The manuscript was altered again to accommodate the first daughter of their marriage, Margaret, in the form of an extra page, and an ode to the Virgin Mary in terms of kneeling and prostrating before her in prayer.

Painting of Francis I of Brittany by an unknown artist. As the Duke of Brittany, he had his first wife painted over in the book first commissioned by her, replacing “her” with details relating to his second wife. ( Public domain )

The “The Hours of Isabella Stuart” and the Fitzwilliam Museum

Francis I, Count of Montfort l’Amaury, was the Duke of Brittany from August 1442 to 1450, when he died. His mother, Joan of France was the daughter of King Charles VI of France and his father, John V, was the previous Duke of Brittany.

He was married to Yolande of Anjou in Nantes in 1431, with whom he had a son. Both wife and son tragically died within the next decade, following which he married Isabel of Scotland in 1442, with whom he had two children.

The Hours of Isabella Stuart ” is so historically significant because of its commissioning and appropriation by the wealthy, in this case, the mother of the first wife of Duke Francis I of Brittany, who was a patron of arts and culture. It was intended as a wedding gift for Yolande, who tragically died in the year 1440. It was widely recognized as one of the most beautiful and extensively decorated illustrated medieval works, renowned for its strong Christian overtones, and its 500 jewel-like miniature paintings .

“These books in a way are sort of archaeological sites and when you start to uncover what lies under these images it actually unlocks the human story of how these books were commissioned and then passed from one person to another as the story of these different marriages and different dynastic alliances evolved,” said Dr. Reynolds.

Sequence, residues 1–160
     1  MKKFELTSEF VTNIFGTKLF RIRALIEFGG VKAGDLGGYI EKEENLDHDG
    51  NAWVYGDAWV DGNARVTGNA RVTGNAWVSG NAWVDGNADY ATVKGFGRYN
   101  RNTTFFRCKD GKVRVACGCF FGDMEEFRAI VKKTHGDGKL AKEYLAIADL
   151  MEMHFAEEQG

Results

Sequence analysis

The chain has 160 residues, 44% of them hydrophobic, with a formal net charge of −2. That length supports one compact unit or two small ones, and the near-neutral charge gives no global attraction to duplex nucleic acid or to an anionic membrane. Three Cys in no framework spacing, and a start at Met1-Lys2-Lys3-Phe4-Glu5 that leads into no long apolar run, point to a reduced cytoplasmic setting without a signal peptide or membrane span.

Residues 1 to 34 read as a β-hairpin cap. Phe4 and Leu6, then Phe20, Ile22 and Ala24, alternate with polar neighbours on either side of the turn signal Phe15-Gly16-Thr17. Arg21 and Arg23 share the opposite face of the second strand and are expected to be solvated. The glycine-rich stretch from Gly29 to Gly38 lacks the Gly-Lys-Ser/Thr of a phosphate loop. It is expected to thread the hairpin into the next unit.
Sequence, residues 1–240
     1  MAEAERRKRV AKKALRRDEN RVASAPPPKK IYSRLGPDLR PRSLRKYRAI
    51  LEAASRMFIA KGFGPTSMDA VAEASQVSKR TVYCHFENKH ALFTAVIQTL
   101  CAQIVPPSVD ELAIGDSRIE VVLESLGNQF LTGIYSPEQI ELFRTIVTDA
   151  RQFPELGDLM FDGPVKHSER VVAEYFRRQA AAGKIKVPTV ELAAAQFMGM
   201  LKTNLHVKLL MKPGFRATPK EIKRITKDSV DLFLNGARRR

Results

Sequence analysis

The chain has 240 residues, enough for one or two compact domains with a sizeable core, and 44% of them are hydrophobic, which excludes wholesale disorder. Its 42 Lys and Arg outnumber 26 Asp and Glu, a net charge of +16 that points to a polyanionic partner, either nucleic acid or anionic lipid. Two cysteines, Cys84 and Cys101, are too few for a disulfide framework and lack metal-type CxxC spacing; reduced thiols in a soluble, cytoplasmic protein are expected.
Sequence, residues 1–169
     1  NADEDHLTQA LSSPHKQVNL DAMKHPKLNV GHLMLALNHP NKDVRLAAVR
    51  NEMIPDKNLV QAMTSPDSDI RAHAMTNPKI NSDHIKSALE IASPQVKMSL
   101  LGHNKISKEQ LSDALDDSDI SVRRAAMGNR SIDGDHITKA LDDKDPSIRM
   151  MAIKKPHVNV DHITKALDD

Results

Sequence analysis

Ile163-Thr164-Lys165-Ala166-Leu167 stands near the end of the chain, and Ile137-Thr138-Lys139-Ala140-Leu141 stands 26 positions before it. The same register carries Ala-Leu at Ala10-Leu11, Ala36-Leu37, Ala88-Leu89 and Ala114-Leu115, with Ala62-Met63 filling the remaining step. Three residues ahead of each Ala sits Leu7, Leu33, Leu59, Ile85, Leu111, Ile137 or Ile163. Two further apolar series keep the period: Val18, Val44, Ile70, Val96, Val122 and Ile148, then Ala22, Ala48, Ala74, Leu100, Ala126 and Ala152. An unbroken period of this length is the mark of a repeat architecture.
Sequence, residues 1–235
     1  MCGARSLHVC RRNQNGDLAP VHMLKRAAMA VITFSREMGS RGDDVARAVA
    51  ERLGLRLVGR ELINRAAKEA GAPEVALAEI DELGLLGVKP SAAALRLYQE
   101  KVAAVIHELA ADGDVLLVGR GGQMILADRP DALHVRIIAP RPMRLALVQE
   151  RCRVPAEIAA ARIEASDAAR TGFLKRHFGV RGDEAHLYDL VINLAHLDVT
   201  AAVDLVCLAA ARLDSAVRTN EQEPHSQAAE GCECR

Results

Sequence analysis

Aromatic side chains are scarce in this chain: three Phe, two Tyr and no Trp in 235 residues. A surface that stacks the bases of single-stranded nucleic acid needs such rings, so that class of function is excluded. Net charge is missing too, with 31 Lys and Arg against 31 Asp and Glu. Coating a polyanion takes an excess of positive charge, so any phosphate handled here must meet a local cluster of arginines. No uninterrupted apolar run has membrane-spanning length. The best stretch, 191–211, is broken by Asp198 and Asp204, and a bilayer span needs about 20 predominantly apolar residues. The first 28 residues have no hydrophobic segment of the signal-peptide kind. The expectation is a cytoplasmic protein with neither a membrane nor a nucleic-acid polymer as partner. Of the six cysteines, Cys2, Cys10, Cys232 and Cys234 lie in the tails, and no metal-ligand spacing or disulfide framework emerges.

Anglo-Irish nobleman, Richard Fitzwilliam of Dublin, after whom the Cambridge museum is named, became the owner of this book till it was passed onto the museum after his death in 1816.

The museum’s “ Human Touch ” exhibition opens to the public on May 18th and will run until August 2021. And visitors can expect to see the amazing medieval wife swap manuscript in all it’s glory during this period.

Top image: A page from “The Hours of Isabella Stuart,” an ancient medieval manuscript in which researchers noticed the wife swap in the image on one of the book's pages.    Source: Katie Young / Fitzwilliam Museum

By Sahir Pandey

References

Chadwick, J. 2021. A Medieval wife-swap! Analysis of a 15 th-century manuscript reveals Duke Francis I of Brittany requested for his first wife to be painted over with his new bride when he remarried . Available at: https://www.dailymail.co.uk/sciencetech/article-9580131/Duke-Brittany-asked-wife-painted-15th-century-manuscript.html.

Kennedy, M. 2021. Off with her head! Infrared technology shows how a 15 th-century French king used a paintbrush to replace one wife with another . Available at: https://www.theartnewspaper.com/news/a-wife-replaced-in-a-medieval-prayer-book.

Russell, S. 2021. Wife swap discovered in medieval manuscript . Available at: https://www.standard.co.uk/news/uk/wife-swap-reynolds-scientists-french-st-catherine-b935487.html.